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I've been looking at a bunch of forms and noticed that most form inputs do not have a hover state. Is there a good reason for this, that I'm missing?

A slight hover state, to me, is effective because while using a form input I might be looking at the left side and reading the label or placeholder text while I simultaneously scroll my mouse over the input field somewhere on the right.

Update from comments:

A few examples of sites with hover states would be Trello and Google Search

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They have a hover state, but it only affects the cursor and not the field. –  K.. Feb 8 '13 at 7:06
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Would be interested to see the behaviour of forms that do have such a hover state. Can you direct me at some examples please? –  Roger Attrill Feb 8 '13 at 8:31
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I think the answer is that "people don't necessarily look where the cursor is". You cannot replace an eye tracker with a mouse tracker, to use an obvious example. That said, I've seen several cases where the field is glowing or bordered when hovering (or when entering/"activating")... You'll also find examples of status-bar updating, hint label updating, cursor altering etc. –  Jørn E. Angeltveit Feb 8 '13 at 9:43
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Because it's annoying. Most major OSes on major browse highlights the "active" form element because you usually only click form element that you want to interact with. With hover, it's not necessarily true that I'm interested in the form element where my mouse is. –  Lie Ryan Feb 8 '13 at 15:21
    
So a few examples would be Zurb Foundation, Bootstrap, Teehan + Lax, and asana. –  Jason Feb 8 '13 at 15:38
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3 Answers

Forms are ususally very straightforward - users are focused on them and in general if they WANT to complete them, they will, if they don't - no hover trickery will work. Therefore, there is no need to grab their attention. In the same time - man, if a field in form is not visible enough for a user to fill it in, the form is totally misdesigned.

The most natural (acually: learned) behavior of forms is to change states only when there are errors in them (and to confirm that data is ok). I think the only special states for fields should be reserved for these situations, not to introduce too muuch clutter.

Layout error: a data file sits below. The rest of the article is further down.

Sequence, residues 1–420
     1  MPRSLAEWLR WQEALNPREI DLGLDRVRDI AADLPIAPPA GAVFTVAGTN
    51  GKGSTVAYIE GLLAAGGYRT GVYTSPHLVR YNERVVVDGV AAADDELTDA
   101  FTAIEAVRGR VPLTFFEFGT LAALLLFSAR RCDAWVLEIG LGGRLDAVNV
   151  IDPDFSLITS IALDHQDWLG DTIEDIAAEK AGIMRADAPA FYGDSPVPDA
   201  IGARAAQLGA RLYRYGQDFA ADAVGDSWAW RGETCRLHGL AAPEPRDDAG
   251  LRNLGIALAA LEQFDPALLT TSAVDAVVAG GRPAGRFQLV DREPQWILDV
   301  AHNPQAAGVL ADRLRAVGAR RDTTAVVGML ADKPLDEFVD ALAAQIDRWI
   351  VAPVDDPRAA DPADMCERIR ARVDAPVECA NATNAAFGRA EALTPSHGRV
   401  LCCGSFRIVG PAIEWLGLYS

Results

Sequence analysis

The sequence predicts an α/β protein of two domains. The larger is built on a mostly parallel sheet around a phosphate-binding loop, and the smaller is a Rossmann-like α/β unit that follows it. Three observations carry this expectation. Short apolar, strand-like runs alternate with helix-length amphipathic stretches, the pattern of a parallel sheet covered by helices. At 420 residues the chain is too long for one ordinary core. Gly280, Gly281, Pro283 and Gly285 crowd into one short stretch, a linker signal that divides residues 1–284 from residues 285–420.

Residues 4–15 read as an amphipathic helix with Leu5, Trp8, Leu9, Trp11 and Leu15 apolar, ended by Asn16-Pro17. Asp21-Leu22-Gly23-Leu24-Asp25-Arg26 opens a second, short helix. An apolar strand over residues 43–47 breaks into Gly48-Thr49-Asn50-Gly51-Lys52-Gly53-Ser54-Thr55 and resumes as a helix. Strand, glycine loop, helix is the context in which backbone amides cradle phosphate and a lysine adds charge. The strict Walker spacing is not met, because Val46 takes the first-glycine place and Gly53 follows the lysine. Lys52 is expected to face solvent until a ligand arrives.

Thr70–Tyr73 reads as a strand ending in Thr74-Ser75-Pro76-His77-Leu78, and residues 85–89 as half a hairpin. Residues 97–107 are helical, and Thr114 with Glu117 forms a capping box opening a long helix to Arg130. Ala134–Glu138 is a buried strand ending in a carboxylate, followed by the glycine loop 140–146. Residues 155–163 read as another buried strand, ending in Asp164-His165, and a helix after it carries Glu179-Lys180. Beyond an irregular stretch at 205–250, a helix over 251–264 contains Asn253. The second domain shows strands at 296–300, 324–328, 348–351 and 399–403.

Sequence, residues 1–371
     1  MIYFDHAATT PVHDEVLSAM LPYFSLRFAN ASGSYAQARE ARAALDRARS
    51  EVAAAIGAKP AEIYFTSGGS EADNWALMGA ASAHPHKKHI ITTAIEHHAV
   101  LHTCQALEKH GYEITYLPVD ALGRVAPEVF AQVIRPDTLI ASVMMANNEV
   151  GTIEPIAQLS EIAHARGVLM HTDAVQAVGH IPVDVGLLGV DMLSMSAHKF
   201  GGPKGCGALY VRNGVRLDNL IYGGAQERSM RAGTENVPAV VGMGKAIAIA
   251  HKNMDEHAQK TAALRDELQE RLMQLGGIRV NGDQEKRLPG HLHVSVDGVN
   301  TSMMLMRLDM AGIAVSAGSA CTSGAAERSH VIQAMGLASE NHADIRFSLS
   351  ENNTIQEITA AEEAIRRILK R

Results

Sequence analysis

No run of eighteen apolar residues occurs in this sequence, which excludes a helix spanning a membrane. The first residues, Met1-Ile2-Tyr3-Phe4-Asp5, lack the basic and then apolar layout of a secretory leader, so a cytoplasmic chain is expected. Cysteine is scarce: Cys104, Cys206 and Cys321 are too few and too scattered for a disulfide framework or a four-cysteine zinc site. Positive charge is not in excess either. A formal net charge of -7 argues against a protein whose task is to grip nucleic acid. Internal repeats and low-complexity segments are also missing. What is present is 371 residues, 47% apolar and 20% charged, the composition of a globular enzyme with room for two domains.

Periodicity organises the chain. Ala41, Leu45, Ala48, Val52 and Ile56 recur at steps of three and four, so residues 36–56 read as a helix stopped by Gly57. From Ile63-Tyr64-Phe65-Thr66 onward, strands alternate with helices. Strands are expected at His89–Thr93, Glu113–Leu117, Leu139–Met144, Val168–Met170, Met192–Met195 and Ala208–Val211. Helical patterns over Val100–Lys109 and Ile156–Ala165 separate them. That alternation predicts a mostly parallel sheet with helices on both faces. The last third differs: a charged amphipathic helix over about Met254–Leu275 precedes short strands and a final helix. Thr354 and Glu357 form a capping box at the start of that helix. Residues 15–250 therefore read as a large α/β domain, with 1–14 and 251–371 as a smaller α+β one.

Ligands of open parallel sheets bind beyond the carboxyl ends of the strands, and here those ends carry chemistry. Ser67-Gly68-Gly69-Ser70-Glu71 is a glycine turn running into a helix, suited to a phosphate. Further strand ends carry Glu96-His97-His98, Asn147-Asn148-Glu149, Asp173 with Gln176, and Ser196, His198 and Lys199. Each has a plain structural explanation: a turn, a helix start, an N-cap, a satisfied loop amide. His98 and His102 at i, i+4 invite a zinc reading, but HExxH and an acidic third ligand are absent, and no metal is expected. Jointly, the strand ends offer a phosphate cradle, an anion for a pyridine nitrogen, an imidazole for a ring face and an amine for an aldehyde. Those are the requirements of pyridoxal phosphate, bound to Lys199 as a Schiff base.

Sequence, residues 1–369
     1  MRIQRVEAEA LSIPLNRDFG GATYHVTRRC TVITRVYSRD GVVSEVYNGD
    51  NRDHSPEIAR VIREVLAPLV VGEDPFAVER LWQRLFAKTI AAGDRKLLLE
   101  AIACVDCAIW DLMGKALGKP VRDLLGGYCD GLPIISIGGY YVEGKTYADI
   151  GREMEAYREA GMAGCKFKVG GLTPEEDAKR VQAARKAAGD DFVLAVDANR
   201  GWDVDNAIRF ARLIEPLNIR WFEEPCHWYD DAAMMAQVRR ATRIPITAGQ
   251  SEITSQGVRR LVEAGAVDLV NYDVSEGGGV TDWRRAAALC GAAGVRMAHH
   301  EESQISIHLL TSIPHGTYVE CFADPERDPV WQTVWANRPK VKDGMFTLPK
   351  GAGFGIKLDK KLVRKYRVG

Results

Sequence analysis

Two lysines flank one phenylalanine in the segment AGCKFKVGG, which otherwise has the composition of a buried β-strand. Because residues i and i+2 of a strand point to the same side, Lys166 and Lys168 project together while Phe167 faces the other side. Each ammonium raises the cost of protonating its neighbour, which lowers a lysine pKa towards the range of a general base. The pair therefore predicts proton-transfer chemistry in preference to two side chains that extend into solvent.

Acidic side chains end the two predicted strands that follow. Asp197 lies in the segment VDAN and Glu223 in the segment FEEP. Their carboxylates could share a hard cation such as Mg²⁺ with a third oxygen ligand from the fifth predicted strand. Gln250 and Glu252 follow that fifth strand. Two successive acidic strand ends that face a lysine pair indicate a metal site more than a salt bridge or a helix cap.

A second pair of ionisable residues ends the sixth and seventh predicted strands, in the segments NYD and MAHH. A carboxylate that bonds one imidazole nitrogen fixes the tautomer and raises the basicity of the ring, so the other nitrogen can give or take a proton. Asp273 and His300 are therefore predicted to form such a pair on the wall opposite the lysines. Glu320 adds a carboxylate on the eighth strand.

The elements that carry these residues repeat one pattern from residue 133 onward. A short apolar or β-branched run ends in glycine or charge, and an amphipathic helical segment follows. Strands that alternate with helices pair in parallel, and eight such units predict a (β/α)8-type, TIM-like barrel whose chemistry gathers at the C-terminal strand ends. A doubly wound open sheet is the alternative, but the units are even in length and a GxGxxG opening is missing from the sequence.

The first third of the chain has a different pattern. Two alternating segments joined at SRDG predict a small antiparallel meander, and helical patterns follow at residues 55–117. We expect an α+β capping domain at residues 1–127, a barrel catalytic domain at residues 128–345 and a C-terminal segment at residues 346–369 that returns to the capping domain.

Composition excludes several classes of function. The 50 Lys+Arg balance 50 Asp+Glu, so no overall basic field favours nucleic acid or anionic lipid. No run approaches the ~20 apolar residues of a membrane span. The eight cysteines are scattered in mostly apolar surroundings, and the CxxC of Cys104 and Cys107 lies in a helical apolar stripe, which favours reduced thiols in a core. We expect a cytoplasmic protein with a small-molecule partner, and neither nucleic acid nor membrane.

From this point of view, a hover state on a field in a form gives nothing but clitter.

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I think that a simple hover state might just reimforce and make a form seems less dry.

Those little details when done right have a "je ne sais quoi", that influence a user in a positive way and might give the little push that might lead him to complete the form.

Web form should be more "fun" to fill than paper form and those little things when done right might do the trick.

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My answer to your question is a question: what problem would a hover state solve?

Every visual element on a form requires processing by the user's brain. And every additional bit of such cognitive effort increases the burden to the user, heightening the chance of fatigue, errors, confusion and abandonment.

Consequently, the most usable forms are designed by starting with a blank screen and only adding visual elements that help communicate to the user how to use the form. This is why text fields need a border (to communicate "here's the box you type in"), but thanks to our brains being especially wired to notice visual differences, that border doesn't need to be glowing and bright yellow – a simple grey or black one pixel line is enough.

So, if we come back to your question, having a field change its appearance on hover will add to the cognitive burden. Therefore, there needs to be a good reason to do it.

  • If you're concerned that people won't know which field to use, locating the field label in close proximity to the field, or using zebra striping, addresses this problem.
  • If you're worried that people will not know where they are up to, then you can relax, because this is indicated by all the fields prior being filled, and all the fields following being empty.
  • Perhaps you've seen lots of other forms do this? Unfortunately, web/desktop/mobile form design is as much a victim of useless fashion as any other field. And as we all know, fashion isn't necessarily functional, let alone a good idea.

I've tried to think of other reasons but can't – let me know if you do.

I would also support what Jørn and Lie have said: the eye is not necessarily where the mouse is. Given this, the hover state could actually be distracting and interrupt the user.

Finally, don't forget that not everybody uses a mouse.

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